From Volume 5, Issue Number 11 of EIR Online, Published Mar. 14, 2006

United States News Digest

Former DOJ Lawyer Disputes Cheney on NSA Spying

A former top Justice Department official who oversaw national security issues from 2000 to 2003, has challenged the Bush Administration's legal justification for its NSA domestic surveillance program, according to various media accounts March 9. David Kris, a former Associate Deputy Attorney General, wrote to a former colleague at DOJ on Dec. 22 that the argument advanced by Attorney General Alberto Gonzales "maybe reflects the VP's philosophy that the best defense is a good offense (I don't expect you to comment on that)."

Kris was referring to the DOJ making Cheney's favorite Article II "inherent-powers-of-the-President" argument, as its leading argument to try to justify the wiretaps. Kris says that the "inherent powers" argument seems "relatively weak," and that the DOJ arguments "have a slightly after-the-fact quality" to them.

Rumsfeld Placing Special Forces in U.S. Embassies

The Pentagon is putting small teams of Special Operations Forces troops in embassies in an increasing number of countries, for the alleged purpose of gathering intelligence on terrorists, and preparing for missions to kill or capture them. This was reported in the March 8 New York Times, and discussed in a House Armed Services Committee hearing on the U.S. Special Operations Command (SOCOM) budget, the same day.

The placement of these "hunter-killer" units, called Military Liaison Elements, in embassies, is provoking opposition from the CIA and other traditional intelligence agencies who view this as a Pentagon intrusion. One former CIA official says that "the current militarization of many of the nation's intelligence functions and responsibilities will be viewed as a major mistake in the very near future." And, he added, "if the planned SOCOM presence in U.S. embassies abroad is an effort to pave the way for unilateral U.S. military operations, or to enable defense elements to engage in covert action activities separate from the CIA, U.S. problems abroad will be certain to increase significantly."

Senators Demand Abu Ghraib General Not Be Allowed To Retire

Senators John Warner (R-Va) and Carl Levin (D-Mich), the two senior members of the Senate Armed Services Committee, have sent a letter to the Secretary of the Army demanding that Maj. Gen. Geoffrey Miller's planned retirement "be held in abeyance" until two courts-martial of dog-handlers at Abu Ghraib are completed, Salon reported March 7. The Army has reportedly agreed.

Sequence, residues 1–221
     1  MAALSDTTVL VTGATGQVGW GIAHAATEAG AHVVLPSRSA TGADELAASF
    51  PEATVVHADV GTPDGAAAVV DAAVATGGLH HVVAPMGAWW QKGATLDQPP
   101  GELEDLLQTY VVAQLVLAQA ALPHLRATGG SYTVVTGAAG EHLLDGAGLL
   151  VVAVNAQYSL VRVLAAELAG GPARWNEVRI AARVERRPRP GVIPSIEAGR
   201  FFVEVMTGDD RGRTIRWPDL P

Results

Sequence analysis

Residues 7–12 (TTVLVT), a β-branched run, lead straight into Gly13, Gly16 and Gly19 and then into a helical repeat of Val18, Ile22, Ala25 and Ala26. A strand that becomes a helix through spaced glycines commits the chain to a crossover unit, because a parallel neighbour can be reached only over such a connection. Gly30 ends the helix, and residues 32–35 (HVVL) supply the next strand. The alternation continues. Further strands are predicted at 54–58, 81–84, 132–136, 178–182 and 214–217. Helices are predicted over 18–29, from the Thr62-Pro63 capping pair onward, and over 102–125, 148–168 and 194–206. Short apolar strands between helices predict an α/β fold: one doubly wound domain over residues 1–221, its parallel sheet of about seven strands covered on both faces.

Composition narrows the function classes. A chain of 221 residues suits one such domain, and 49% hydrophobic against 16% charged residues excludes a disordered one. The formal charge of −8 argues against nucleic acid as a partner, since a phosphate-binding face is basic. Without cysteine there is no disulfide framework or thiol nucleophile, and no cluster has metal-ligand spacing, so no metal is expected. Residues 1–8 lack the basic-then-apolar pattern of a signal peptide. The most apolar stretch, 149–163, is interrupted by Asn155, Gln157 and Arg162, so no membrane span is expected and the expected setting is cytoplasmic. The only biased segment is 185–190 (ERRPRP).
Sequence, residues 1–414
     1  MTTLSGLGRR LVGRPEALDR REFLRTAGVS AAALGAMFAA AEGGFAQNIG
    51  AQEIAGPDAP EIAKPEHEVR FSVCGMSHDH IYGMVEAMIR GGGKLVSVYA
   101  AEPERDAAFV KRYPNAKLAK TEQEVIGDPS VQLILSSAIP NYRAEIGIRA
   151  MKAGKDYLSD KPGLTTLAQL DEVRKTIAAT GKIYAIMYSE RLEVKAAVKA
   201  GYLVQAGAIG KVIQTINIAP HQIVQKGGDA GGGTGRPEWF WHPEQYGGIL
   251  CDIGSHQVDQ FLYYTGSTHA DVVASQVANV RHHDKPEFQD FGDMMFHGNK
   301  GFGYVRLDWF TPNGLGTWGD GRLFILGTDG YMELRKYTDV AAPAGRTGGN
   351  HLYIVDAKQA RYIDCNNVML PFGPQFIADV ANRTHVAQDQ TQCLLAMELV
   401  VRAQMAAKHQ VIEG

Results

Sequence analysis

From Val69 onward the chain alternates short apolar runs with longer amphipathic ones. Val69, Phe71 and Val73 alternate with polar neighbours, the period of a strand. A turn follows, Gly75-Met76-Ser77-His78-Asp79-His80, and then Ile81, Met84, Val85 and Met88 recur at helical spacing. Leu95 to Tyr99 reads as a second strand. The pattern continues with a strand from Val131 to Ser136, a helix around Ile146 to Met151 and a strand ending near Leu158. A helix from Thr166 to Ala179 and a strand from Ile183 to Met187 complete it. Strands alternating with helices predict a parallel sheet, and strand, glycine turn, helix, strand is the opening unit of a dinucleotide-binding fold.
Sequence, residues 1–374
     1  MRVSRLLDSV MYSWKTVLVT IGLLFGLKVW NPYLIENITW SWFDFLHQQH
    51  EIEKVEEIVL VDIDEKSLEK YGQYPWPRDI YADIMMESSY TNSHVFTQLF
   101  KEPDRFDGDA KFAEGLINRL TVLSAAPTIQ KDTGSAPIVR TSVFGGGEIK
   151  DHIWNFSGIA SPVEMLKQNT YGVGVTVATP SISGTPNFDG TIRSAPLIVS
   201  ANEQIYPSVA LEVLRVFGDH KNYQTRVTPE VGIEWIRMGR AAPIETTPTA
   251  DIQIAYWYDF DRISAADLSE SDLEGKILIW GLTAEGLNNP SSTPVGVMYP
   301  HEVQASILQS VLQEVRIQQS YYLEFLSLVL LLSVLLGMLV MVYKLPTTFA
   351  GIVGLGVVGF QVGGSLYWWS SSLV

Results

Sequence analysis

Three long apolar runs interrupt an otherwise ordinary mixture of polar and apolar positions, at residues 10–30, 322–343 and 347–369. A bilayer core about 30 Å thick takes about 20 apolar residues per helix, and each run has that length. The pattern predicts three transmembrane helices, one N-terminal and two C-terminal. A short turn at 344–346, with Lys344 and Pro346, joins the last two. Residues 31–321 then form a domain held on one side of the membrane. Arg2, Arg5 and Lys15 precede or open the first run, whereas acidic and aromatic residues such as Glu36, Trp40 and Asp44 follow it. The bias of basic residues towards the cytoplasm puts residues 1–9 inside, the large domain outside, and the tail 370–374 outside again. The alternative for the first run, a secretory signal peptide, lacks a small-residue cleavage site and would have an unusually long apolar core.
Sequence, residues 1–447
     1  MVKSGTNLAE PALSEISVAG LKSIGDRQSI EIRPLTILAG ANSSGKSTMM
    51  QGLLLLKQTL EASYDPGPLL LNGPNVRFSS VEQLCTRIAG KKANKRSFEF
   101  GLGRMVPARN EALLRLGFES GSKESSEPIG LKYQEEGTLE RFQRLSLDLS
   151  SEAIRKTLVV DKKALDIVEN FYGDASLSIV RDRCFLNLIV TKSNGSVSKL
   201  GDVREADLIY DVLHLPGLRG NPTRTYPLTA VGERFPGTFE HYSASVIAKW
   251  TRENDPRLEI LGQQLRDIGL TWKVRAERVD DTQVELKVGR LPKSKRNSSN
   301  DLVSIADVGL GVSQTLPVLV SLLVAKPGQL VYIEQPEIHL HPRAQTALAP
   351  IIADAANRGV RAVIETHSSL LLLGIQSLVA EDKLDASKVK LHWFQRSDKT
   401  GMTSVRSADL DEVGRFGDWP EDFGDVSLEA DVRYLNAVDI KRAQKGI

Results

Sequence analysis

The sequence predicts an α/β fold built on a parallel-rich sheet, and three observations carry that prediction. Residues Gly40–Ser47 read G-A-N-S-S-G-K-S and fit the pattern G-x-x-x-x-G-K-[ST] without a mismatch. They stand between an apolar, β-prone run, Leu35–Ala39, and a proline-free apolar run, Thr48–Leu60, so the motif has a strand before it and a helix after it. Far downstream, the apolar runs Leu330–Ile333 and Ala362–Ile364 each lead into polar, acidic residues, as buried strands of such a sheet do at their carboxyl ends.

Keeping Miller, the former commander at Guantanamo, who went on to "Gitmo-ize" prison operations in Iraq, on active-duty status, makes it easier for the Senate Armed Services Committee to compel Miller's testimony, should they decide to hold more hearings. It is also easier to prosecute someone on active duty, than one who has retired.

Miller denies telling former Abu Ghraib commander Col. Thomas Pappas that he could use dogs in interrogations, and has taken the military equivalent of the 5th Amendment privilege not to testify on grounds he might incriminate himself, in the dog-handlers' courts-martial. Pappas, who has been granted immunity, will testify at the courts-martial.

"We've got two conflicting stories out there that cannot be reconciled," said Sen. Lindsey Graham (R-SC), also a member of the Armed Services Committee. "Shame on us if we'll allow a story to go forward that is not true, and the two dog-handlers are paying the price."

Dubai Ports Deal Is Off

Dubai Ports World announced that it will turn over all operations at U.S. ports to a U.S. entity. This was announced in a floor statement read by Senate Armed Services Committee chairman John Warner (R-Va) on March 9. Warner said, "The reason is to preserve the strong relationship between the United States and the United Arab Emirates."

Warner's announcement followed by one day, the repudiation by both Republicans and Democrats, of President Bush's demands that the deal go through, including threats to veto any bill prohibiting the sale, as the House Appropriations Committee voted 62 to 2 to block the deal.

Rockefeller Denounces Shutdown of NSA Investigation

Under heavy pressure from the White House—led personally by Dick Cheney, according to the New York Times March 8—Republicans on the Senate Intelligence Committee voted on March 7 to block any investigation of the NSA domestic spying program, instead setting up an impotent seven-member subcommittee to "oversee" the wiretapping program.